Anyway, we’re soon concentrating on a huge menu with disconcertingly small writing and eye-wateringly big numbers. Both of us have spent time in Italy, recognise what we’re looking at and begin to focus. I start with an antipasti of tuna tartare, carpaccio and three small seared slices. Bea opts for the meat equivalent, a carne cruda of beef carpaccio and tartare topped with flakes of Parmesan, a quail’s egg yolk and a smear of truffle oil. My tuna is the pick of the pair: super-fresh and expertly prepared by head chef Cristian Picco, it melts in my mouth. Bea’s carpaccio has a strangely gritty texture, but is brimful of taste, while her tablespoon-sized blob of tartare is unseasoned and densely packed, yet invigorated by the just-set yolk. It’s a decent start.
My primi piatti is a gorgeous bird’s nest of 30-egg tagliolini strewn with shards of beef and Italian sausage, as good a pasta dish as I’ve had in recent memory. With a slightly sweet edge and thin, clearly hand-made yellow strands of pasta, this was the real deal. Sadly, Bea’s spaghetti alla puttanesca is, at best, average. The flavours are joyously strident, with the traditional southern Italian mix of tomatoes, anchovies, olives and capers combining to make a commendably punchy sauce, but the spaghetti is horribly undercooked, less al dente than a threat to your dentures. It’s a surprising lapse.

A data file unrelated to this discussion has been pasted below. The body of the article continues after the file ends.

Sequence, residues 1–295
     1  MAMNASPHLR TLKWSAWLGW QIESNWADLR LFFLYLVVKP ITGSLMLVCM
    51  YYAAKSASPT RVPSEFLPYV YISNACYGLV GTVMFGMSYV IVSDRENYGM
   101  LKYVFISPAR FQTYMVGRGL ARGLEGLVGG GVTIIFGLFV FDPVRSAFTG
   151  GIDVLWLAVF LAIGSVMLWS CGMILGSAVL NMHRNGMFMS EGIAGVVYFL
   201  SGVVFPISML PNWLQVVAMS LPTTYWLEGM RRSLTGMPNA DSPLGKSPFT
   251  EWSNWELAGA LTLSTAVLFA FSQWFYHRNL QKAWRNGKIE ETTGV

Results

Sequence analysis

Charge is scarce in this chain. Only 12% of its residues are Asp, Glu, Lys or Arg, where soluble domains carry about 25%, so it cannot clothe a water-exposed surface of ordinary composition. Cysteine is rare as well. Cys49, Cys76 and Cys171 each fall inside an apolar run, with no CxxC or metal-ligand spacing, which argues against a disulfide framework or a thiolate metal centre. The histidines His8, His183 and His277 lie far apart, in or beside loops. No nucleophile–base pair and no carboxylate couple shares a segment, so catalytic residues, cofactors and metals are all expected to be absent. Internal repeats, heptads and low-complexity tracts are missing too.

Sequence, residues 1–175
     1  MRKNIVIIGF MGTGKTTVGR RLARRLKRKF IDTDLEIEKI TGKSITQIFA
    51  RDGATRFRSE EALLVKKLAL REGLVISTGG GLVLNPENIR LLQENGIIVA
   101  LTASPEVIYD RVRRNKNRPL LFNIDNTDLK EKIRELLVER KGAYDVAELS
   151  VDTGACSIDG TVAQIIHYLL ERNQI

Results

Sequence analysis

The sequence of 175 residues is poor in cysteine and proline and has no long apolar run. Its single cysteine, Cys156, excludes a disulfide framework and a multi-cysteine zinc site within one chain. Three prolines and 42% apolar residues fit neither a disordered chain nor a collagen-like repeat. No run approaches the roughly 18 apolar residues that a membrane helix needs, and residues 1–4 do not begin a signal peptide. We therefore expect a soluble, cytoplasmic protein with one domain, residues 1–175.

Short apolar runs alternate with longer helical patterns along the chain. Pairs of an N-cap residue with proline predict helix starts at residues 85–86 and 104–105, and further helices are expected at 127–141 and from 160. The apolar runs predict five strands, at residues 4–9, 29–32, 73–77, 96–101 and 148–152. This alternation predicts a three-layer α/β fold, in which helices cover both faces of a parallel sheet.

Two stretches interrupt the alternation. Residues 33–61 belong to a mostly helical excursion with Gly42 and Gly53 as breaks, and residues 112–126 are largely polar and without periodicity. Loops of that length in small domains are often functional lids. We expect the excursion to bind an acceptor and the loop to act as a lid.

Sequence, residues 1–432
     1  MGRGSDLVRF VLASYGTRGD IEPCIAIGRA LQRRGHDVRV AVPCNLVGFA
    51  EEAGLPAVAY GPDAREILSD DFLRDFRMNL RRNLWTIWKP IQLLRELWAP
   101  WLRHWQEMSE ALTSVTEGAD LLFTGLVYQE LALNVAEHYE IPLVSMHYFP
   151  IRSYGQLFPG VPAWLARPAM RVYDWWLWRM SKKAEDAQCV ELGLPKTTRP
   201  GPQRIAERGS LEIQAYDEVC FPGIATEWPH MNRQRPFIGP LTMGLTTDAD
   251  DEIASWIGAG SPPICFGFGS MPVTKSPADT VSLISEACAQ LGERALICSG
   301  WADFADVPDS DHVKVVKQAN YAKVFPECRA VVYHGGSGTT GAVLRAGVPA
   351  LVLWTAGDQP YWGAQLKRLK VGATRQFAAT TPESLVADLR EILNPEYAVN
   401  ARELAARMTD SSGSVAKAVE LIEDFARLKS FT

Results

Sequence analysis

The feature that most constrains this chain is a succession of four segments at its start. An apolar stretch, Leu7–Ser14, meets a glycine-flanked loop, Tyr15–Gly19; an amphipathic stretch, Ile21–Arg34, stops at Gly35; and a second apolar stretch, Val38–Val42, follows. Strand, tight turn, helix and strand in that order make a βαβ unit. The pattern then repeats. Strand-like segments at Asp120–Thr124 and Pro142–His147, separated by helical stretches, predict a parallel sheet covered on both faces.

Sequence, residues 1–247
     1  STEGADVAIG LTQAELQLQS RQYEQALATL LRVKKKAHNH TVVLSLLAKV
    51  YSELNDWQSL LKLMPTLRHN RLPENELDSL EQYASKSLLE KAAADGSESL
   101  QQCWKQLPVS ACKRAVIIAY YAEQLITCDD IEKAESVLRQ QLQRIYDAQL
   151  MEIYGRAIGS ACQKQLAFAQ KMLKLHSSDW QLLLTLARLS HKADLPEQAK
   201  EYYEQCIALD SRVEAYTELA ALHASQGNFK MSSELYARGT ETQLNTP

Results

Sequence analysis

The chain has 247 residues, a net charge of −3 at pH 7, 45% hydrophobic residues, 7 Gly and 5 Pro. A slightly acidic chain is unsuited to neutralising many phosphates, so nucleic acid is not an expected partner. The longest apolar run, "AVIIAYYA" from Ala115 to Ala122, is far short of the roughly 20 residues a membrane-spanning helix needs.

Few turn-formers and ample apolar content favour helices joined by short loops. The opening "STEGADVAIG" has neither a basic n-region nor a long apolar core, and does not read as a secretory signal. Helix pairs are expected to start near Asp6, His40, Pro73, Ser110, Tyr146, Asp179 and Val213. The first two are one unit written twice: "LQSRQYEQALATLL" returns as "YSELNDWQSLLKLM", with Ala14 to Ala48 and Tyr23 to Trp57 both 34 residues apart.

Our secondi piatti are solid, but never quite threaten to ascend to the dizzy heights of my tuna antipasti or tagliolini. My rabbit braised in the Ligurian style (coniglio alla ligure) is fine, and the meat is delightfully soft, but the diced roasted potatoes are almost overcooked and the combination of the two ingredients without any jus – there is a smidgen, but it’s nowhere near enough – is a little too dry for my taste. Bea thoroughly enjoys her succulent lamb chop in a balsamic vinegar with a honey glaze, and tops up with half a dozen asparagus stems adorned with a stripe of melted Parmesan.
I round off with an excellently gooey warm chocolate and hazelnut fondant with homemade spicy vanilla ice cream, while Bea goes for the exotically named almond thuile millefoglie crema pasticcera and is presented with an intricately constructed three-tier biscuit, raspberry and custard dish that looks like a work of art but which disappears to noncommittal shrugs within what seems like a few seconds.
At the end of our meal, we struggle to come to a firm conclusion. The surroundings are impressive, the service attentive and some of the dishes are outstanding, yet there is an almost indefinable lack of spontaneity to proceedings. Perhaps it’s just their mild sense of shock at being virtually empty so soon after opening, which will presumably dissipate as it gets busier; or maybe we’re just trying to work out whether it’s worth paying £130 for a meal when we can eat authentically Italian food elsewhere for half that amount. The good thing is that we’ll need to come back to find out.
8 Lister Square, Quartermile, Edinburgh EH3 9GL (0131-229 4634, www.enzo-edinburgh.co.uk)
Primi piatti £8-£16
Secondi piatti £16-£20
Pudding £7 (cheeseboard £12)